RELATIVE VALUES – Harold Pinter Theatre SW1

THE BUTLER, THE FETE, AND THE HOLLYWOOD HORROR
I saw this Coward revival last summer in Bath (Times review, £, http://tinyurl.com/qyxqbw2 ) with its gorgeous Palladian country-house drawing-room by Stephen Brimson Lewis matching the Theatre Royal’s own sumptuousness. I remembered the clever casting of Caroline Quentin, solidly honest, as the matter-of-fact lady’s maid Moxie who discovers to her horror that the young earl’s Hollywood fiancée is her own long-lost (and unregretted) sister who ran away.
I applauded the brilliance, both in comic timing and feeling, of Patricia Hodge as the dowager Lady Marshwood fussing over the village fete but aware in 1951 that she belongs to a bygone Downtown world, “something that’s over and done with…So many of one’s friends have to work, and they’re so bad at it!”. England is slowly struggling out of the aspic of prewar social certainties , its nobs trying to work out the difference between above-stairs and below. In one argument they decide that one could, for instance, take one’s golf instructor to the opera, but noe one’s butler – even though both might be born in identical social circumstances.

 

Trevor Nunn wisely intersperses the scenes with bits of newsreel, both real and cod, reminding us of the recent war and rationing, the Festival of Britain, and Prime Minister Churchill’s unconvincing speech about the end of social distinctions.
Quentin is still brilliant, better if possible than at Bath; so is Hodge. And this matters, because the emotional core of the play is the longstanding devotion, even friendship, of mistress and maid, compared to the hollow flibbertigibbet romance of the silly young Earl and the self-absorbed Hollywood girl with her movie-star ex and misery-memoir fibs about her humble childhood. The scenes where Moxie has to pretend to be a “secretary” so as not to lose face and liten to the actress Miranda showing off, are as funny as anything in Coward. Stepping into the cast as Miranda is another treat: Leigh Zimmerman, so funny and touching in A Chorus Line, here playing the part of the Awful Actress with elegant glee.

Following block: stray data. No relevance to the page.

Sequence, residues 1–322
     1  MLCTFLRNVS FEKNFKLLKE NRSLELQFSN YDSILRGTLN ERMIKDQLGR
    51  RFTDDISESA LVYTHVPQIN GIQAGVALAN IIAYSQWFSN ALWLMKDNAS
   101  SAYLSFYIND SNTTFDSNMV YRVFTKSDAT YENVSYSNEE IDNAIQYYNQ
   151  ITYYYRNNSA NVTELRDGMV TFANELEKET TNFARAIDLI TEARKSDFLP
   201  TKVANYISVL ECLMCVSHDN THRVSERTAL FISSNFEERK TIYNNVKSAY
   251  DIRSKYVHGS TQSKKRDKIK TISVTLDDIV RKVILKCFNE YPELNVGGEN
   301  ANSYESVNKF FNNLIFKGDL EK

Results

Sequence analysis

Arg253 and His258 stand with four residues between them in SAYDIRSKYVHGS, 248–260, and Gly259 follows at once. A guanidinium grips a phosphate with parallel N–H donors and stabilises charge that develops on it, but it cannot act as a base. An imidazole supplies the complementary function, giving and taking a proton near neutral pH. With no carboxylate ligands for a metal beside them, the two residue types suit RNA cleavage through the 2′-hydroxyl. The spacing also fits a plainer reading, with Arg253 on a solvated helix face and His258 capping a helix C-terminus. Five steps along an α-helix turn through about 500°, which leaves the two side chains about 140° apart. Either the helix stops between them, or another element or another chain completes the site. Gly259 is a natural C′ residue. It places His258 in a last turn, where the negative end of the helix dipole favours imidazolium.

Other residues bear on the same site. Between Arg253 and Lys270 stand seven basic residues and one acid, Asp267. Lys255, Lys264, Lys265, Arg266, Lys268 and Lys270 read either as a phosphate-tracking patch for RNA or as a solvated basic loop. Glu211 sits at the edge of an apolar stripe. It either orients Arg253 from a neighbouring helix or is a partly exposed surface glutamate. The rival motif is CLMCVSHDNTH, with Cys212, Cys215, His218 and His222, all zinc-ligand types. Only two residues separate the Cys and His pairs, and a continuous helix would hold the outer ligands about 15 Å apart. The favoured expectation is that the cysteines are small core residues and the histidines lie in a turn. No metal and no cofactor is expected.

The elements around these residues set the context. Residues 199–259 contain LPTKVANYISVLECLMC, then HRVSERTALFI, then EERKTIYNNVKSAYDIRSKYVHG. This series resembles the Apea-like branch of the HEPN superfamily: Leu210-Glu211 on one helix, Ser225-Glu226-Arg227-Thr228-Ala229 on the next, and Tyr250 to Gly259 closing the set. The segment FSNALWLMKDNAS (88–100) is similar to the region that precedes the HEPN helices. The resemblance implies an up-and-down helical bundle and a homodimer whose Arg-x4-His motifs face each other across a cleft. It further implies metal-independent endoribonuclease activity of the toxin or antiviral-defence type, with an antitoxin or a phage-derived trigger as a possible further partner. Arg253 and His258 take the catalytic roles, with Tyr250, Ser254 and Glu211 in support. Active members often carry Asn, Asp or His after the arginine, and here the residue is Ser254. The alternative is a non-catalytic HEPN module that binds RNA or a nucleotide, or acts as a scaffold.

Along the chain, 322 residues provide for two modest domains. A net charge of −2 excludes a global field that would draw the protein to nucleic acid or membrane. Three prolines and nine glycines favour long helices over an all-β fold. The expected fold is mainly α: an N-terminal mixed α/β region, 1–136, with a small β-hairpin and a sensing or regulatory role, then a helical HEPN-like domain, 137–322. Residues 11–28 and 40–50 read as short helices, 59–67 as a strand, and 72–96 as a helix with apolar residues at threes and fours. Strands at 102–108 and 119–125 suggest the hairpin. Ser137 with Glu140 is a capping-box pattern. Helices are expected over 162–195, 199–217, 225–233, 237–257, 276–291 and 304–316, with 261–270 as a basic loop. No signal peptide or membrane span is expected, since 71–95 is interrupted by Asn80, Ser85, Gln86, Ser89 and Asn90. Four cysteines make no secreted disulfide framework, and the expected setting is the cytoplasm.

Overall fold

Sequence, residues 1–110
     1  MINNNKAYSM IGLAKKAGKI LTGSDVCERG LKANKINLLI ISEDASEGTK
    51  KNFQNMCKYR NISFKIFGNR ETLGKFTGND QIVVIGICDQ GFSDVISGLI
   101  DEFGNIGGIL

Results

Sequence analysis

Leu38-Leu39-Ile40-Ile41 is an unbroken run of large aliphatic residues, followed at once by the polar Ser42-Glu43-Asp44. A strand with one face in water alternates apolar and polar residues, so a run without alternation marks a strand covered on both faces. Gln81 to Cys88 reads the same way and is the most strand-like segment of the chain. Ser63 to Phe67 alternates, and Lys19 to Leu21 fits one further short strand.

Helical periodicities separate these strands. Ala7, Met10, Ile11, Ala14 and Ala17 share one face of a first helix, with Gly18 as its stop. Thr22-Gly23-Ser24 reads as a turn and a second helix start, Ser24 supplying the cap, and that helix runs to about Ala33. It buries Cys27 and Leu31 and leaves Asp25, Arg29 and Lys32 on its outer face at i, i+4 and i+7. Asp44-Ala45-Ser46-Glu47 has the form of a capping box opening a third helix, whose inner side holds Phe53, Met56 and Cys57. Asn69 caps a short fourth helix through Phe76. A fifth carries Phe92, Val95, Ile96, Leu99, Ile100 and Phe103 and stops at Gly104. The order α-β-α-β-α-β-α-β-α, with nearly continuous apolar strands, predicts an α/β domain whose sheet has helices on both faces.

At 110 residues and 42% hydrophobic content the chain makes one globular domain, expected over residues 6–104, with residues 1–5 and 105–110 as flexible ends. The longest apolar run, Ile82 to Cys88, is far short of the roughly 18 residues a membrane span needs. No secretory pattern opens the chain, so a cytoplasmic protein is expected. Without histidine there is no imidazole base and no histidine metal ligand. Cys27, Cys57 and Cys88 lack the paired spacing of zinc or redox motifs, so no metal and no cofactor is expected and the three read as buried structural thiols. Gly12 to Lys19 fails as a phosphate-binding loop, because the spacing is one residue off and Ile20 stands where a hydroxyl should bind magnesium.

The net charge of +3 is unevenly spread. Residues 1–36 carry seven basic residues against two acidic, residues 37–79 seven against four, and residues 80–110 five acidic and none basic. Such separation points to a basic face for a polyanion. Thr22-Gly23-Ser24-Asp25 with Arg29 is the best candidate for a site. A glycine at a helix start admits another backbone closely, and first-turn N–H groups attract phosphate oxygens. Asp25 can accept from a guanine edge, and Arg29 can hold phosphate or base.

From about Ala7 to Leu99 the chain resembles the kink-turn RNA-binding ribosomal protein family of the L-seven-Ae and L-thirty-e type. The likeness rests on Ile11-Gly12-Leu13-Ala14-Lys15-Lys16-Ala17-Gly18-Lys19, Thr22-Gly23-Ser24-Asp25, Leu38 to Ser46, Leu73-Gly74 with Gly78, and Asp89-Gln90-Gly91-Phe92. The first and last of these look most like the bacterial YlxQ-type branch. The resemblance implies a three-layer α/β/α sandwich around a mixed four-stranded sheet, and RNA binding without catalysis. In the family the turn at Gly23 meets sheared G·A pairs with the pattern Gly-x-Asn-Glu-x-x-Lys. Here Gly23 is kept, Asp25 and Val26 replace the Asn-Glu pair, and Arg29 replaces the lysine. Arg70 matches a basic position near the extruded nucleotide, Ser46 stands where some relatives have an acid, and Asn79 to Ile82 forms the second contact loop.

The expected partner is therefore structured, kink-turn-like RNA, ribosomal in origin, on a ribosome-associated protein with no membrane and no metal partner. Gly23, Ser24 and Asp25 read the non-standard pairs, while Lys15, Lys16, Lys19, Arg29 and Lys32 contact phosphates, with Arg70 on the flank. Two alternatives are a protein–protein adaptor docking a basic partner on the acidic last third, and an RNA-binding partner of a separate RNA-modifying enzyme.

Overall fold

And for aficionados of dear Noel, it is fascinating to see a late – if lesser – play in which (las in Volcano) the old chap has grown bored of his passionate young lovers from Private Lives and Design for Living, and just wants to celebrate long, calm partnerships which make less fuss. It is also fun to notice his chippy, insecure references to other dramatists . They’re given to the butler Crestwell, like “If you will forgive a Shavian archaism…” or “Yes, a coincidence in the best tradition of British comedy. Imagine what Mr Somerset Maugham would make of it!”.

 

Ah yes, Crestwell. He is Rory Bremner, and to be honest, still not brilliant. Nothing you can put your finger on, and to be fair a butler always is to some extent an impressionist – playing a part, perhaps a little jerkily, in front of the toffs. But there’s a dryness here, a lack of reality. Only once does he seem real, when Moxie is berating him. But it’s fun, a cheerful evening and a last laugh from a Coward no longer brittle, but wistfully acknowledging how the anchor of daily, familiar affections is a consolation in a crumbling world.

 

0844 871 7615. atgtickets.com/london to 21st June

rating : four   4 Meece Rating

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